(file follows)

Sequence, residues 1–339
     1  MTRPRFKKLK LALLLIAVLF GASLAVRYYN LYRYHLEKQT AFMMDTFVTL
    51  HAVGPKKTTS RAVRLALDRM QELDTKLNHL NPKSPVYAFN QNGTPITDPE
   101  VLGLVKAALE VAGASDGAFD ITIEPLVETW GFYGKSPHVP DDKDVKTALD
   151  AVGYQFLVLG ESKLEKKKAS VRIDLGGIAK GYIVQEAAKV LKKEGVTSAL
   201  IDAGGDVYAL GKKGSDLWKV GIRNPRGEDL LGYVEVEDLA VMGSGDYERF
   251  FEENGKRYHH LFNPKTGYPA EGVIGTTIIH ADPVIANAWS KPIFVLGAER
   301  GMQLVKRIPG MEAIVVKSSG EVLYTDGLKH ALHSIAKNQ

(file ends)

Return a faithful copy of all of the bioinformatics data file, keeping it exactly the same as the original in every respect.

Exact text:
Sequence, residues 1–339
     1  MTRPRFKKLK LALLLIAVLF GASLAVRYYN LYRYHLEKQT AFMMDTFVTL
    51  HAVGPKKTTS RAVRLALDRM QELDTKLNHL NPKSPVYAFN QNGTPITDPE
   101  VLGLVKAALE VAGASDGAFD ITIEPLVETW GFYGKSPHVP DDKDVKTALD
   151  AVGYQFLVLG ESKLEKKKAS VRIDLGGIAK GYIVQEAAKV LKKEGVTSAL
   201  IDAGGDVYAL GKKGSDLWKV GIRNPRGEDL LGYVEVEDLA VMGSGDYERF
   251  FEENGKRYHH LFNPKTGYPA EGVIGTTIIH ADPVIANAWS KPIFVLGAER
   301  GMQLVKRIPG MEAIVVKSSG EVLYTDGLKH ALHSIAKNQ